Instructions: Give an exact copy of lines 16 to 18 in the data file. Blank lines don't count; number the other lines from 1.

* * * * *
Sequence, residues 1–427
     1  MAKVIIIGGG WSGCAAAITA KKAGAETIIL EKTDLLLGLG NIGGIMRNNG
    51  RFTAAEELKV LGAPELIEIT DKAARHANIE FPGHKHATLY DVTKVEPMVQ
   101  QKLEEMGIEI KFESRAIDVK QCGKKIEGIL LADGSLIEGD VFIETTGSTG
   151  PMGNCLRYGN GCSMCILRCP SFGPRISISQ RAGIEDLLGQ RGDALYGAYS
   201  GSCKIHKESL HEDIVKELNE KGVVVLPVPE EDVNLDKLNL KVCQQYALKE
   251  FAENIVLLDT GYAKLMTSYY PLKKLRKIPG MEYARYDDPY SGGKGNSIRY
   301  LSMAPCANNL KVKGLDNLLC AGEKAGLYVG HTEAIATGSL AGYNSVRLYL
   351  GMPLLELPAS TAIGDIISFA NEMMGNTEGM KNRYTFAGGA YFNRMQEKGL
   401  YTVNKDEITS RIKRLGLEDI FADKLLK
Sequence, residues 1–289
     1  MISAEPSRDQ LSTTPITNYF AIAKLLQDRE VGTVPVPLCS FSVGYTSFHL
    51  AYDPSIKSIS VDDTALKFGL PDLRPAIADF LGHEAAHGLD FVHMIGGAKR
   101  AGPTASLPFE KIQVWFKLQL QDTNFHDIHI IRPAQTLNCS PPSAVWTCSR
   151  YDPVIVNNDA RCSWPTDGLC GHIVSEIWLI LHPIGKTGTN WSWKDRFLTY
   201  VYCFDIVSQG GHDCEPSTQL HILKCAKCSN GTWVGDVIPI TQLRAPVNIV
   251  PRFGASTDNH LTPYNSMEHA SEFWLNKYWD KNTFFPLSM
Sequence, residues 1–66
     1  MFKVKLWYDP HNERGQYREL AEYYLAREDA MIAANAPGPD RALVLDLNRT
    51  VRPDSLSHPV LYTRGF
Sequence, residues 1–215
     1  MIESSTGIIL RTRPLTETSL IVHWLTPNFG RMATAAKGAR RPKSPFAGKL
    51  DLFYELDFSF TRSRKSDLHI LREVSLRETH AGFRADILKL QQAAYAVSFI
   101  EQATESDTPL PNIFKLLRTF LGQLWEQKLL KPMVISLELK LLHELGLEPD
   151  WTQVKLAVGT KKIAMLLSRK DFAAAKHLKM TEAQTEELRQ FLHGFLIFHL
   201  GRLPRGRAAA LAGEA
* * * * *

   201  VYCFDIVSQG GHDCEPSTQL HILKCAKCSN GTWVGDVIPI TQLRAPVNIV
   251  PRFGASTDNH LTPYNSMEHA SEFWLNKYWD KNTFFPLSM
Sequence, residues 1–66